Friday, February 13, 2009

The bookshelf

I'm usually reading a couple of books at once, but this is getting a bit ridiculous.

The Gamble, Thomas E. Ricks -- following up his excellent Fiasco, this book examines the origins and execution of the "surge" in Iraq. I'm through the "origins" part, which leaves the impression that Washington is still the kind of place where a few well-placed renegades can buck the hierarchy. I'm also a little surprised that Ricks could get Gen. Odierno to talk to him, after the portrayal in Fiasco. After Cobra II (by Gordon & Trainor) and Fiasco, The Gamble seems likely to be the third volume in the history of the Iraq war.
UPDATE: Andrew Sullivan links to Ricks's summation of his message:

think the message of my book Fiasco was that Iraq 2006 was worse than you think, while the message of The Gamble is that Iraq 2009 isn't as good as you think.

The surge has brought us to an uncertain place. No one knows if there will be full-blown civil war in Iraq. Indeed, no one even knows the real strength of the Sadrists at this point. Or whether the Baghdad government indeed will keep its promises to bring into the fold the former Sunni insurgents who have been on the American payroll for the last 18 months. In fact, none, not one, of the major political questions that faced Iraq before the surge have been resolved--and the purpose of the surge, we were told, was to create the space to solve them.

My real worry is that all those tensions still exist, but all sides in Iraq are militarily stronger than they were a couple of years ago, because we have trained and armed a Shiite-dominated Iraqi army, but also helped organize the Sunni insurgents now known as the "Sons of Iraq."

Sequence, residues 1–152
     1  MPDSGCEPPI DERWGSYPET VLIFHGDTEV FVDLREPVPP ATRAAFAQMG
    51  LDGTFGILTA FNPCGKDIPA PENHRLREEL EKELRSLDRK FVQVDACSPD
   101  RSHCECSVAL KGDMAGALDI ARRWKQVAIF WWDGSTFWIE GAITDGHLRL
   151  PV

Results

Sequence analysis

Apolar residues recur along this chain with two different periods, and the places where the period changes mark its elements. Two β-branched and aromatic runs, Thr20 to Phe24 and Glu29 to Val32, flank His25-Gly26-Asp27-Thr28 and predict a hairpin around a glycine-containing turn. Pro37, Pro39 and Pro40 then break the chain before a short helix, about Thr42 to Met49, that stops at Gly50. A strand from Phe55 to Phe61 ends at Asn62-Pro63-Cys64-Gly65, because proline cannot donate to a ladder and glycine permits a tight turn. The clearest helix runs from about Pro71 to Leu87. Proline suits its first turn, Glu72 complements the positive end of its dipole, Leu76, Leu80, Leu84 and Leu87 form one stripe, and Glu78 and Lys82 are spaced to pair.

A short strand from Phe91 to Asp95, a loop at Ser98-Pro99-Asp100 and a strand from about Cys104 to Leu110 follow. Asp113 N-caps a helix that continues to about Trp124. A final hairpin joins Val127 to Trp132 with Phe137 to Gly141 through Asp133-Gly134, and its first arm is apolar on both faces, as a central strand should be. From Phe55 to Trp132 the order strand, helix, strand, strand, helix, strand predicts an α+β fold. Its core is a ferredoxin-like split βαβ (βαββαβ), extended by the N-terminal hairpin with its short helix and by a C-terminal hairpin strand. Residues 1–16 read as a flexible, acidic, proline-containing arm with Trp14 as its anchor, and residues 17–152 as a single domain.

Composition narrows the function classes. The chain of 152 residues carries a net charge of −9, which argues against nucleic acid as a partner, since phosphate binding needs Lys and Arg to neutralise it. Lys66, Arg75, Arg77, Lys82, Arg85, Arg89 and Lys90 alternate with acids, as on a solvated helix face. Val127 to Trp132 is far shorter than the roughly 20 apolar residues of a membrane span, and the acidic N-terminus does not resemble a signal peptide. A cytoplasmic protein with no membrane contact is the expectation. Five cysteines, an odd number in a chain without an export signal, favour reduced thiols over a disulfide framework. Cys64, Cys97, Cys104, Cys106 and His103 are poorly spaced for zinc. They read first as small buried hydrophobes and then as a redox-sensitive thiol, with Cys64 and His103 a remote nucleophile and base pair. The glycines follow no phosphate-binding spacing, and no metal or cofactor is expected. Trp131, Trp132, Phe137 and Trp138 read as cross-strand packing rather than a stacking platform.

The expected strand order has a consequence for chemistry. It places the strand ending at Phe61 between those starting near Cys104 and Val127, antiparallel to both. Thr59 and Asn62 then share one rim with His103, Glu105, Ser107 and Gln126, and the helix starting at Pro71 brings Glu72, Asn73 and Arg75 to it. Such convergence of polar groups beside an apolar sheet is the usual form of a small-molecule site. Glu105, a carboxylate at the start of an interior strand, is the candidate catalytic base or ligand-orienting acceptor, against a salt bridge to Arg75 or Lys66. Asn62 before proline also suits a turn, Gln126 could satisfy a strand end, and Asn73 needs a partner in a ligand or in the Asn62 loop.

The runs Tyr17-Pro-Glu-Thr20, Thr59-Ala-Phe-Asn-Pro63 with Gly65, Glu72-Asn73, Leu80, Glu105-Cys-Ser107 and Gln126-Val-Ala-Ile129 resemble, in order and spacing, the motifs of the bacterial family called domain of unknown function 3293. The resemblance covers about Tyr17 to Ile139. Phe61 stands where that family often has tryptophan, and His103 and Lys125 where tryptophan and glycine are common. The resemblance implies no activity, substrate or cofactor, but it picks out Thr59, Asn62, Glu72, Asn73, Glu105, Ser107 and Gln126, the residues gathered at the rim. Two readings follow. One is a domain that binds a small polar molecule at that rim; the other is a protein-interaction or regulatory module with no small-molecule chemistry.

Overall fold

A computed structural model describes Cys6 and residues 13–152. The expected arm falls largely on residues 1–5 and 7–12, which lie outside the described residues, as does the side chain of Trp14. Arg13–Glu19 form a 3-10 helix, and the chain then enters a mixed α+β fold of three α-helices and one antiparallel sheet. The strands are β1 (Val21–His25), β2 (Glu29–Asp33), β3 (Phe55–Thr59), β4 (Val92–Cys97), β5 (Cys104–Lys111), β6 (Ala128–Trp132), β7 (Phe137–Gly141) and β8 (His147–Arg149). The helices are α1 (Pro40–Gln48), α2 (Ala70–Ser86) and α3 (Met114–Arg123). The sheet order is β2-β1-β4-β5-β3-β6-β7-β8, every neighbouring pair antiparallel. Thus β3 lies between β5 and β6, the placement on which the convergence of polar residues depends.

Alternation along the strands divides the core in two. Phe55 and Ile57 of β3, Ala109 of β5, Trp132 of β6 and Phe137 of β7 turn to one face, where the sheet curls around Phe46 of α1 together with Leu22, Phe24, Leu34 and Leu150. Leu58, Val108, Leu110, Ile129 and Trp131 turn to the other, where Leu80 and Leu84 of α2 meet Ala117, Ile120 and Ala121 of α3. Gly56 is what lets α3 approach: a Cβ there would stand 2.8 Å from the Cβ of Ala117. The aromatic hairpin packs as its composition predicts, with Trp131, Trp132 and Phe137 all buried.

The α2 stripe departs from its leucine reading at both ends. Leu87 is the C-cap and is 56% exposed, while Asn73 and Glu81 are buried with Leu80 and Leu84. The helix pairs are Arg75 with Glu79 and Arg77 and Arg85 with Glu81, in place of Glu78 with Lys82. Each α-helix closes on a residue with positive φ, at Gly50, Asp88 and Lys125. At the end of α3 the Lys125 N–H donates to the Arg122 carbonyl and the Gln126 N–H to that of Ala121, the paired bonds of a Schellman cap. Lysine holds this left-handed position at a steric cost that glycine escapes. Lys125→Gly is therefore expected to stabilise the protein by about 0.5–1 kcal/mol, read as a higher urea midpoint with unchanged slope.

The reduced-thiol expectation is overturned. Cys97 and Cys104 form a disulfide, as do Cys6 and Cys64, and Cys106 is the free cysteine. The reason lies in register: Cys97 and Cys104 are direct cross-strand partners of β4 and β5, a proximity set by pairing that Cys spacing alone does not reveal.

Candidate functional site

From Colony to Superpower: U.S. Foreign Relations Since 1776, George C. Herring -- they've been blogging this at LGM, so I finally picked it up. Good, in that broad, solid, Oxford History of the United States kinda way. Not terribly compelling reading however.

Napoleon's Wars: An International History, Charles Esdaile -- this is really a diplomatic history of the wars, with an oft-repeated thesis that Napoleon brought about his own downfall rather than being the victim of an English-fomented conspiracy amongst the nations. Not a controversial thesis I would've thought, but there apparently are a few French historians still championing Napoleon, and Esdaile seems to know their names. Esdaile claims to be moving beyond the biographical approach to Napoleon, but doesn't miss many shots (or quotes from Napoleon's contemporary critics). Good for someone like me who knows only the outlines of the period.

Why Evolution Is True, Jerry Coyne -- as the Onion AV Club points out, books on evolution tend to be vitiated by their sniping at creationism, and the fact that Coyne's book falls prey to the same problem made me skeptical. But then there it was in the library, so I've picked it up, as the latest effort in my search for A Good Overview of Natural Selection. Good thus far but unlikely to end my search.

Rabbit Is Rich, John Updike -- I'd bogged down about 50 pages into this volume of the Rabbit tetralogy, but Updike's death made me pick it up again. The man writes beautifully and has a certain amount of insight into human nature, but Rabbit's serendipity in falling into bed with admiring women seems a bit, well, serendipitous ... oh, wait, that's what you've read everywhere else about Updike? well I guess it's true then. I've currently stalled again at the realization that Thelma's illness, which had added some poignancy to her evident crush on Rabbit, was apparently a plot point motivated by the goal of getting Rabbit to fuck her up the ass. No, really.

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